A theoretical and experimental analysis of cold-formed steel shapes subjected to bending - Channel and simple lipped channel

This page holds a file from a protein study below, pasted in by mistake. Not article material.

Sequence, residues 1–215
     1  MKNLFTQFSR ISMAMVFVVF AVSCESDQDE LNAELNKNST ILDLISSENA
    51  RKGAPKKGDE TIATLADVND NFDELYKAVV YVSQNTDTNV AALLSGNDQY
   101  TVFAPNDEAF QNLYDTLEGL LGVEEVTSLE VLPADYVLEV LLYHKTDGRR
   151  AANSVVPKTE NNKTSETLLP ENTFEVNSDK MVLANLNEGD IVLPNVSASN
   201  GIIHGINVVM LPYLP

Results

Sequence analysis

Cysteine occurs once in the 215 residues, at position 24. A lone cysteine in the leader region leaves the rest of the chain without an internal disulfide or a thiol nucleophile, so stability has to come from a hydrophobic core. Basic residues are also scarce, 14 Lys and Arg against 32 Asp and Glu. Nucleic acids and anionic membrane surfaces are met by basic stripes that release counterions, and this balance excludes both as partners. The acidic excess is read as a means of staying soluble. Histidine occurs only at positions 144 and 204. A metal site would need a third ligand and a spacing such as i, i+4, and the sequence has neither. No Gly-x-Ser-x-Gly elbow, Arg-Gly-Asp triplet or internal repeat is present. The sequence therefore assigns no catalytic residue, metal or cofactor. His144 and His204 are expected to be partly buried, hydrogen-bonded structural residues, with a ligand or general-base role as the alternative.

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Fifteenth International Specialty Conference on Cold-Formed Steel Structures St. Louis, Missouri U.S.A., October 19-20, 2000 15 th International Specialty Conference - Cold-Fonned Steel Structures 2000 A theoretical and experimental analysis of cold-formed steel shapes subjected to bending - Channel and simple lipped channel Roberto Martins Gon{:alves 1 Maximiliano Maliti Carlos Eduardo Javaronl EESC - Sao Carlos School of Engineering, USP - University of Sao Paulo Av. Dr. Carlos Botelho, 1465 - CEP 13560-250- Sao Carlos, SP, Brazil Tel. +55.16.273-9455 - Fax. +55.16.273-9482 ABSTRACT Cold-formed steel shapes have been widely employed in steel construction, where they frequently offer a lower cost solution than do traditional laminated shapes. A classic application of cold-fonned steel shapes is purlins in the roof panel of industrial buildings, connected to the roof panel by means of screws. The combined effect of these two elements has been the subject of investigations in some countries. Design criteria were included in the AISI Code in 1991 and 1996. This paper presents and discusses the results obtained from bending tests carried out on shapes commonly used in Brazil, i.e., the channel and the simple lipped channel. Tests were carried out on double shapes with 4.5 and 6.0 meter spans, which were subjected to concentrated loads and braced against each other on the supports and at internlediary points in three different load situations. The panel shape was also analyzed experimentally, simulating the action of wind by means of a "vacuum box" designed specifically for this purpose. The test results were then compared to those obtained through the theoretical analysis, enabling us to extract important information upon which to base proposed design criteria for the new Brazilian code. J Civil Engineer, Doctor's Degree in Structural Engineering, Professor of the Department of Structural Engineering of the EESC-USP. E-mail: goncalve@sc.usp.br 1 Civil Engineer, Doctor's Degree in Structural Engineering, Professor of the Department of Structural Engineering of the EESC-USP. E-mail: mamalite@sc.usp.br 3 Civil Engineer, Doctor's Degree in Structural Engineering, Professor of the Civil Engineering Department of UNESP, Bauru campus. E-mail: javaroni@bauru.unesp.br 149 150 INTRODUCTION Cold-formed steel shapes are widely employed as structural elements in the most varied types of steel construction in Brazil. Some examples of their use as framing members are warehousess for a wide variety of uses, residential, commercial or industrial coverings, and low-rise residential buildings. Some examples of isolated structural elements are purlins, longitudinal beams and diagonal bracing elements. As for the materials used in Brazil, it can be observed that many structures are produced using steel shapes with non-structural quality, the steels having SAE (Society of Automotive Engineers) classification. Although of common quality and easily available in the market, with structural performance proven through experience, these steels carry no guarantee in terms of their physical and mechanical characteristics. As for the regulating aspects, the Brazilian code on dimensioning of cold-formed shapes, "Calculation of Steel Structures Constituted of Light Shapes", NB143, ABNT (1967) published in 1967, is outdated and in disuse. Along the last thirty years and with the growing use of cold-formed shapes for structural purposes, designers have found it necessary to resort to foreign codes, principally those of the American Iron and Steel Institute, AISI. Research work in the area of steel structures in Brazil has expanded in recent years, contributing significantly to the growing use of steel in Brazilian civil construction and toward the educational improvement and qualification of the professionals whose activities focus on the design and building of these structures. To achieve these improvements, the activities in the area of metal structures of the Department of Structural Engineering, Sao Carlos School of Engineering have, in the past few years, focused on incrementing research in steel structures. As a result of this research work, the area of metal structures has been engaged in coordinating the revision and updating of the NB 143, ABNT (1967) code, which should culminate in a new edition of the Brazilian code for the design of cold-formed structural steel structural elements. This work, which is part of a series of research projects on the use and application of steel in Brazilian metal construction, presents the findings of tests carried out on cold-formed steel shapes with cross sections of the channel and simple lipped channel types, as well as the results of the tests of these steel shapes in roof panel systems tested in a "vacuum box" to simulate the effect of wind suction on roof panels. These tests were developed at the Structural Lab of the Structural Engineering Department, Sao Carlos School of Engineering. MATERIAL The 2.25mm and 3.00mm-thick steel sheets used in this research work, commercially known as USI-SAC 41, were supplied by USIMINAS S.A., a Brazilian metallurgic company. 151 To detennine the characteristics of steel strength, tests were perfonned on 12 (twelve) specimens prepared according to the ASTM A370 specification, detennining the tensile yield point (Fy) and the tensile strength (F u), for which three specimens each were taken from four different steel sheets. Table 1 presents the results obtained from these tests. Elongation was measured on the measurement basis of 50rom. All the specimens presented a defined yield level and the value of the modulus of elasticity (E) was 205,000 MPa, a nonnative value for steel. TABLE 1 - Mechanical characteristics of the steel used Test Elongation Elongation A Ny Nu (rom) (kN) (kN) (%) (mm2) Fy (Mpa) Fu (Mpa) IA IB lC 38.130 37.324 38.440 68.42 67.15 66.75 13.40 13.00 13.10 17.45 17.00 17.30 36.84 34.30 33.50 351.43 348.30 340.79 457.64 455.47 450.05 2A 2B 2C 28.125 27.630 27.540 66.56 64.95 64.45 9.80 9.85 9.85 13.35 13.00 13.10 33.12 29.90 28.90 348.44 356.50 357.66 474.67 470.50 475.67 3A 3B 3C 28.409 27.725 28.181 66.85 65.96 65.91 9.45 9.30 9.55 13.10 12.85 13.10 33.70 31.92 31.82 332.64 335.44 338.88 461.12 463.48 464.86 4A 4B 4C 39.122 38.626 38.440 68.43 66.08 65.12 13.40 42.70 13.00 17.80 17.40 17.60 36.86 32.16 30.24 342.52 328.79 338.19 454.99 450.47 457.86 32.77 2.50 343.30 9.23 461.40 8.69 Mean value Standard deviation NORMATIVE ASPECTS In its most recent versions, the American Iron and Steel Institute (AISI), a specific code on the design of cold-fonned steel structural members, still detennines the strength of coldfonned steel beams according to the results of the work of Winter (1943, 1944 and 1959). The theoretical solution of Timoshenko, Gere (1961) for a simply supported "I" beam under equal moment, equation (1), has been employed as a reference. (1) 152 The effects of the moment gradient and the several support conditions, on the other hand, are adjusted by means of an empirical modification factor applied to the results obtained by Timoshenko, Gere (1961). This approximation has been used for over 50 years. Approximate formulas for the moment modification factor, (Cb), have been presented by several researchers. Salvadori (1955, 1956) solved the problem of an "I" type beam under equal moment using the Raleigh-Ritz method, considering several terms in the development in series of the expressions of lateral displacement and rotation. Later, the SSRC ( Structural Stability Research Council) approximated those results using the following expression: Cb = 1.75 + 1.05r + 0.3r2 ::;; 2.3 (2) Throughout the past years, several formulations assuming different hypotheses and support conditions have been published and discussed. According to Pandey, Sherbourne (1989) and Sherbourne, Pandey (1989), the results of these studies have been similar inasmuch as they either failed to include or simply approximated the torsional warping constant for the sake of analytical simplicity. From this standpoint, the work presents a theoretical solution for lateral torsional buckling of "I" beams in the elastic regime, considering the problem as a superimposition of two hypothetical cases, one corresponding to warping equal to zero and the other having torsional stiffuess equal to zero. Salvadori's expression was used by the AISI up to its 1991 edition, after which its 1996 edition suggests the use of a new expression for Cb, based on the studies of Kirby and Nethercot: C = _ _ _ _1_2_._5_M---"""'ax"'-____ b 2.5M",.x +3MA +4MB +3Mc (3) where: M", ., = absolute value of maximum moment in the unbraced segment. MA = MB = Me = absolute value of moment at quarter point of unbraced segment. absolute value of moment at centerline of unbraced segment. absolute value of moment at three-quarter point of unbraced segment. When cross loads are applied excentrically in relation to the shear center, the equations Mer and Cb differ from those mentioned earlier. The influence of contour and load conditions on the instability of single symmetric sections is, on the other hand, less known than the influence of these conditions on double symmetric sections. 153 Kavanagh and Ellifritt (1994), based on their results of tests on simple lipped channel shapes, concluded that the AISI equations may overestimate the lateral buckling strength, particularly in cases where there are two or more intermediary lateral braces. According to these authors, the tests demonstrated the occurrence of failure by distortion at the intersection ofthe flange and the stiffener at the locked points. For isolated shapes, which are subject to lateral buckling with torsion, the flexural strength, according to the AISI (1996), is obtained by means of the following expression: M ,,= Cs S Me (4) f where: Sf = Se = Me = For Me Elastic section modulus of the unreduced section for the extreme compressive fiber. Elastic section modulus of the effective section calculated at a stress MJSf in the extreme compression fiber. Critical moment calculated according to Equation (5), Equation (6) or Equation (7). ";? 2.78Me (5) For 2.78My>Me > O.56My J y 10 ( 1 10M --M =-M 36M. e 9 y (6) For Me ::; O.56My (7) My is the moment causing initial yield at the extreme compression fiber of the full section and Me is the elastic critical moment computed by Equation (8) for bending about the symmetry axis (x-axis is the axis of symmetry): (8) where: Cb = ro = A Bending coefficient. Polar radius of gyration of the cross section about the shear center. = Full cross-sectional area. 154 Ly, L t = Ky, K t = Unbraced length of compression member for bending about the y-axis and for twisting. Effective length factors for bending about the y-axis and for twisting. For flexural members with a flange connected to a panel, lateral buckling no longer occurs in the transversal section as a whole. Flexural strength is less than that of a laterally braced member, although it is higher than that of a laterally unbraced member. In this case, the partial restriction caused by the panel can be represented by a reduction factor obtained by the ratio between the moment that causes the initiation of yield of the extreme compression fiber (My) and the ultimate moment (Mu) observed in the tests, equation (5), Johnston, Hancock (1994); LaBoube (1992); LaBoube (1992); Murray, Elhouar (1994). (9) The values of R, according to the AISI (1996, 1991), are: R=OAO for simple span C sections; R=0.50 for simple span Z sections; R=0.60 for continuous span C sections; R=0.70 for continuous span Z sections. TESTS ON FLEXURE MEMBERS The flexure tests were carried out on channel and simple lipped channel type shapes with spans, loads and lateral bracing chosen so as to initiate the occurrence of the local buckling and global buckling failure modes in the tested shapes. The cross sections and their nominal dimensions are shown in Figure 1. The sheet thicknesses used were 2.25 mm and 3.0 mm. iyセ@ y TIl' iセ@ . N . N r=t / セ@ -rU セi@ I C.G. r=t = , Figure 1: Cross-Section Dimensions. X 155 The shapes were subjected to two different spans under three different load situations, as illustrated in Figure 2. The intennediary lateral bracing is indicated in this figure by an x, and this bracing was done between two shapes, which were tested in pairs. Test 1 p 1500 p 3000 6000 p p 1500 1500 1500 4500 1500 Test 2 t 3000 1 3000 J t 2250 1 2250 .t Test 3 Figure 2: Test Geometry. Figure 3 shows the application of loads, the load cell, the hydraulic jack and the displacement transducers positioned for testing. Figure 4 shows the arrangement used for the supports and the lateral bracing of the shapes. Details ofthat are given in Javaroni(1999). The strains that occurred were measured at the cross section in mid-span, as illustrated in Figure 5. 156 Figure 3: Examples ofIoad applied. Figure 4: Arrangements for tests. 157 I 2 3 6 ] [ - - 9 5 4 Section A 7 8 SectionB 23 4 7 loJ [ 6 5 Section A 8 10 9 SectionB Figure 5: Position of the strain gages at the cross sections. Table 2 shows the results of ultimate load obtained from the tests, the observed failure mode and the failure mode foreseen according to the AISI prescriptions. It can be observed from this table that the foreseen and actual failure modes differ for some of the sets tested. The rotation in the cross section and the horizontal displacements modify the distributions of stresses in the flange, preventing a uniform distribution, as can be observed in the graph of figure 6, which corresponds to the U2 set. In this test (U2), local buckling occurred in the region approximately 0.5 meter away from the braced point, leading to an effective torsional buckling length of I meter, which resulted in K t==O.5. In the same way that the rotation altered the distribution of stresses along the flange in the cross section at mid-span, the rotation at the extremities occurred in the opposite direction, in this case increasing the compressive stress on the free edge and justifying the occurrence of local bending of this part where the moment and, consequently, the normal corresponding stresses, are lesser. Table 3 gives the mean values obtained from the tests and those obtained from the AISII96 prescriptions, using the values K t =O.5 and Ky=1.0. 158 Table 1: Results obtained in the flexure tests. Test Shape Situation T E S T 1 T E S T 2 T E S T 3 Ul U2 U3 U4 US U6 U7 U8 U9 UlO Ull Ul9 U20 U21 Ul2 Ul3 Ul4 Ul5 Ul6 Ul7 Ul8 U22 U23 U24 U25 U26 U27 U28 U29 U30 Ul27x50x2.25 セ@ U127x50x3.0 U127x50x17x2.25 Span (m) 6 6 6 0.-"" Ul27x50x3.0 6 0."--"'" Ul27x50x2.25 6 セ@ Ul27x50x3.0 4.5 Ul27x50x3.0 6 セ@ Ul27x50x2.25 6 ッNセ@ Ul27x50x17x3.0 6 U127x50x3.0 セ@ Ul27x50x3.0 Ul27x50x3.0 4.5 4.5